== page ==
The SEA's signing grew from the discontent among European Community members in the 1980s about the de facto lack of free trade among them. Leaders from business and politics wanted to harmonise laws among countries and resolve policy discrepancies. The Treaty was drafted with the aim of implementing parts of the Dooge report on institutional reform of the Community and the European Commission's white paper on reforming the Common Market. The resultant treaty aimed to create a "Single Market" in the Community by 1992, and as a means of achieving this adopted a more collaborative legislative process, later known as the cooperation procedure, which gave the European Parliament a real say in legislating for the first time and introduced more majority voting in the Council of Ministers. Under the procedure the Council could, with the support of Parliament and acting on a proposal by the Commission, adopt a legislative proposal by a qualified majority, but the Council could also overrule a rejection of a proposed law by the Parliament by adopting a proposal unanimously.
Signing and ratification
A political agreement was reached at the European Council held in Luxembourg on 3 December 1985 when foreign ministers finalised the text. Denmark and Italy raised concerns over constitutional validity. Nine countries, Belgium, the Federal Republic of Germany, France, Ireland, Luxembourg, the Netherlands, Portugal, Spain, and the United Kingdom, signed the Single European Act at Luxembourg on 17 February 1986. That date was originally intended as display of unity within the Community regarding the SEA, but this failed. The Danish parliament rejected the Single European Act in January 1986 after an opposition motion calling for the then unsigned document to be renegotiated was passed by 80 votes to 75. The Danish opposition opposed the treaty because they said it would increase the powers of the European Parliament. The Danish government, who supported the treaty, decided to hold a national, non-binding referendum on the issue to overcome the treaty's rejection by the Danish parliament. This referendum was duly held on 27 February 1986 and approved by the Danish people by 56.2% voting in favour to 43.8% against on a turnout of 75.4%. The Italian government delayed in signing for the opposite concern: that, in their opinion, it would not give the European Parliament enough power. Together with Greece who had also delayed in signing, Denmark and Italy signed the Single European Act at The Hague on 28 February 1986. It had been originally intended to have the SEA ratified by the end of 1986 so that it would come into force on 1 January 1987 and 11 of the then 12 member states of the EEC had ratified the treaty by that date. The deadline failed to be achieved when the Irish government were restrained from ratifying the SEA pending court proceedings. In the court caseCrotty v. An Taoiseach, the Irish Supreme Court ruled that the Irish Constitution would have to be amended before the state could ratify the treaty, something that can only be done by referendum. Such a referendum was ultimately held on 26 May 1987 when the proposal was approved by Irish voters, who voted by 69.9% in favour to 30.1% against, on a turnout of 44.1%. Ireland formally ratified the Single European Act in June 1987, allowing the treaty to come into force on 1 July.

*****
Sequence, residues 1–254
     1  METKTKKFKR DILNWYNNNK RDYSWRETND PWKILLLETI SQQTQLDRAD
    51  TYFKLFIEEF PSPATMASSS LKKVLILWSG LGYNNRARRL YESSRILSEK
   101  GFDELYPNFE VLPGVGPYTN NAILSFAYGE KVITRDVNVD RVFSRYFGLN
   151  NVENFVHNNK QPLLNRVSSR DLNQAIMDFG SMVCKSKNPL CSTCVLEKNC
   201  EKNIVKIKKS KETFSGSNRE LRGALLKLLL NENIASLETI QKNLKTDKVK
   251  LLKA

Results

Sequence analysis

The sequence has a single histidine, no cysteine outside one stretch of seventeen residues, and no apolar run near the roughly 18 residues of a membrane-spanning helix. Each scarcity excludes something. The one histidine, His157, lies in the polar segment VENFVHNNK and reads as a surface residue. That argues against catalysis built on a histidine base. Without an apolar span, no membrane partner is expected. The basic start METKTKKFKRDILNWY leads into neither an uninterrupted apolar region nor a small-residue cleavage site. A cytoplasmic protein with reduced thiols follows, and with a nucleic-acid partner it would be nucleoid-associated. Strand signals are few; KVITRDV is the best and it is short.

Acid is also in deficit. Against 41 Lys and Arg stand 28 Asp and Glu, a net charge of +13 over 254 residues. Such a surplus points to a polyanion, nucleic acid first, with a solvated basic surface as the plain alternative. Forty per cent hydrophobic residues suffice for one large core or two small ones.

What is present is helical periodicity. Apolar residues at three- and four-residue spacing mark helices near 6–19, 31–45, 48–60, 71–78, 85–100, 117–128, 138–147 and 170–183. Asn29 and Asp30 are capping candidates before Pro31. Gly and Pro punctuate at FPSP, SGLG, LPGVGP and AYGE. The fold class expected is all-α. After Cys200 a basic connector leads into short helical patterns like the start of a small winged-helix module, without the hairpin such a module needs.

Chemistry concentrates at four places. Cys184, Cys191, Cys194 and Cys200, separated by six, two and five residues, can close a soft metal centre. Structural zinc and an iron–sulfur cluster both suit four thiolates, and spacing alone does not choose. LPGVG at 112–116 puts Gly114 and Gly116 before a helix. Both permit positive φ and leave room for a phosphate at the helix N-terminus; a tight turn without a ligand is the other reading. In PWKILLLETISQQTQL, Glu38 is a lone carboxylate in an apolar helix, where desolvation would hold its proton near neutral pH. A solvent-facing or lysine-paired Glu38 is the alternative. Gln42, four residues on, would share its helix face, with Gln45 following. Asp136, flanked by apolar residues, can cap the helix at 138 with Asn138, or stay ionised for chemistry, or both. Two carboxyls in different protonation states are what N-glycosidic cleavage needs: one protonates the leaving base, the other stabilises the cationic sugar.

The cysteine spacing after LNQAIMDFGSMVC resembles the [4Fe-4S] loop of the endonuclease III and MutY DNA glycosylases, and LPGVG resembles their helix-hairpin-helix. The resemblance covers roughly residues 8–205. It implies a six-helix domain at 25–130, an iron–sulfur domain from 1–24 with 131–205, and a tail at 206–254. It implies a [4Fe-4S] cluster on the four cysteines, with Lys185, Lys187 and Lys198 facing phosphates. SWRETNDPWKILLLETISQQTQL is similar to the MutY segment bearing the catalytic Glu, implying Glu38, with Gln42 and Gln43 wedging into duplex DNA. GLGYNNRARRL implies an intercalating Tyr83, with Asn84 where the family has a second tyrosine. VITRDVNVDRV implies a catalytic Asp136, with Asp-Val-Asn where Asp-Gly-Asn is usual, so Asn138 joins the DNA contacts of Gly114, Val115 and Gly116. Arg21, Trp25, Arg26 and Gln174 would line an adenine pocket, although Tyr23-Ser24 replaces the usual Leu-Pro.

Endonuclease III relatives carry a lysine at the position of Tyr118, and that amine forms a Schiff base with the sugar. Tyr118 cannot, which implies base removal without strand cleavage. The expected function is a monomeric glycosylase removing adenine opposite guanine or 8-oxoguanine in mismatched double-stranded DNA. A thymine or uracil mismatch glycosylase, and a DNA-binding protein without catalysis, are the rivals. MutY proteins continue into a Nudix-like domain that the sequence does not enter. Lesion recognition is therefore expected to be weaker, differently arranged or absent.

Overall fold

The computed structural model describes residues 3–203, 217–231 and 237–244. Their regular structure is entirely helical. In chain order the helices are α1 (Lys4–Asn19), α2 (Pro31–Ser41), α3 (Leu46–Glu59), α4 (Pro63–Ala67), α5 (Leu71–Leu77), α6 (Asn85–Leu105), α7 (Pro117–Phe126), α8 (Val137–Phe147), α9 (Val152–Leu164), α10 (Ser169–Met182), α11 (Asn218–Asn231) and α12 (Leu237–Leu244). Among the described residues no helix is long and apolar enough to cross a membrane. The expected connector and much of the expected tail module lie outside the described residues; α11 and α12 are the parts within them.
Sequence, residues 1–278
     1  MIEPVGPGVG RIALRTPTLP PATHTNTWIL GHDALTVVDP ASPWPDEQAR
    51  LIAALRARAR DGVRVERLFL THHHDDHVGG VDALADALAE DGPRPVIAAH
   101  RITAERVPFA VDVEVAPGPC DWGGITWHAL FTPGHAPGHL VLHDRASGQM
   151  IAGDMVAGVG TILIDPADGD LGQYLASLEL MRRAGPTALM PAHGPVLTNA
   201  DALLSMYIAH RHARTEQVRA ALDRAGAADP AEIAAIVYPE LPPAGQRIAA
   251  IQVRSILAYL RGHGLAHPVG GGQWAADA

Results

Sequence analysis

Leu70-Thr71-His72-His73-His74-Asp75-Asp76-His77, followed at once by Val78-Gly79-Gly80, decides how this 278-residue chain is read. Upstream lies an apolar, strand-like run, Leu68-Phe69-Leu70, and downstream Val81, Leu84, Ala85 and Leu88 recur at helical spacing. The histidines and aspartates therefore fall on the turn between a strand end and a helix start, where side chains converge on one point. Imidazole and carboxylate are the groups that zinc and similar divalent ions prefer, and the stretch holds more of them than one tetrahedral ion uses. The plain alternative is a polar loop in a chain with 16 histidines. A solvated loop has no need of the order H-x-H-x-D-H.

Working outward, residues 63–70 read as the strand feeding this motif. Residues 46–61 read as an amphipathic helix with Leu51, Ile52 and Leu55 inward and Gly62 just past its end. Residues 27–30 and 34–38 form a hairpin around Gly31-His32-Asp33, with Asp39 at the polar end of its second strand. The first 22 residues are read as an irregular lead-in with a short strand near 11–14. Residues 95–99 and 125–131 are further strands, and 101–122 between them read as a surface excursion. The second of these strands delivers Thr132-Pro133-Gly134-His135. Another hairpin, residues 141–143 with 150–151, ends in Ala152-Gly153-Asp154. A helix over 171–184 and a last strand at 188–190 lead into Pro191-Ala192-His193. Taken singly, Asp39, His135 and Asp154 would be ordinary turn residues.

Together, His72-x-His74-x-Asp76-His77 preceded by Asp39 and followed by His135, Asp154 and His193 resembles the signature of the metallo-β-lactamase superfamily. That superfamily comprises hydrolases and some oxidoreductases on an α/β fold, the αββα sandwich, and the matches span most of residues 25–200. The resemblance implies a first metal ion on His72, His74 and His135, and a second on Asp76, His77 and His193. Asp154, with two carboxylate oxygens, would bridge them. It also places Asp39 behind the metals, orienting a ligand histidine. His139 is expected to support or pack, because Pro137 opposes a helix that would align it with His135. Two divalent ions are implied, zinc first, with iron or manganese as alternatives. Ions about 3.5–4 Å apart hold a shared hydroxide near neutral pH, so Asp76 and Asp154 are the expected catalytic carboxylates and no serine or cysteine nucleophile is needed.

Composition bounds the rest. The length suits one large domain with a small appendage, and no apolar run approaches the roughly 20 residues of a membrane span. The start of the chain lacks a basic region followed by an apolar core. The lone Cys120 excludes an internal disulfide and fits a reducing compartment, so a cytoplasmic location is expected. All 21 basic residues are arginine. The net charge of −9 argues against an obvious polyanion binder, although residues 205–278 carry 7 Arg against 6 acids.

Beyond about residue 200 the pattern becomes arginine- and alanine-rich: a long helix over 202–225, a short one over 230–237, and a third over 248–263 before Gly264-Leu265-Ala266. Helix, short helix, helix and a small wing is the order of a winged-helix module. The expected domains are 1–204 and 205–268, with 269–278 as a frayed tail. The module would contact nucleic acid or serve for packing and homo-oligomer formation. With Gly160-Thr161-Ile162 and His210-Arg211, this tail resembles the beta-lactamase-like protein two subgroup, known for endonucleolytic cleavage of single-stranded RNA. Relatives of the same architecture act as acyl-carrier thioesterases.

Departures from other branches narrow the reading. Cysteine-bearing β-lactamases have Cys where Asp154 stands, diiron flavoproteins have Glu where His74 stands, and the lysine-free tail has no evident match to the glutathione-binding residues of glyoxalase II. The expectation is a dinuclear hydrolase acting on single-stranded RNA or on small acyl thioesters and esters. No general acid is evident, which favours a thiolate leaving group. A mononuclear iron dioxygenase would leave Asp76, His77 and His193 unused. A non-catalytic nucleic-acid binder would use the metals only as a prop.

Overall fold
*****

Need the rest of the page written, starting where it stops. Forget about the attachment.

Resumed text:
At the end of January 2020, the UK left the EU and so withdrew from this Treaty.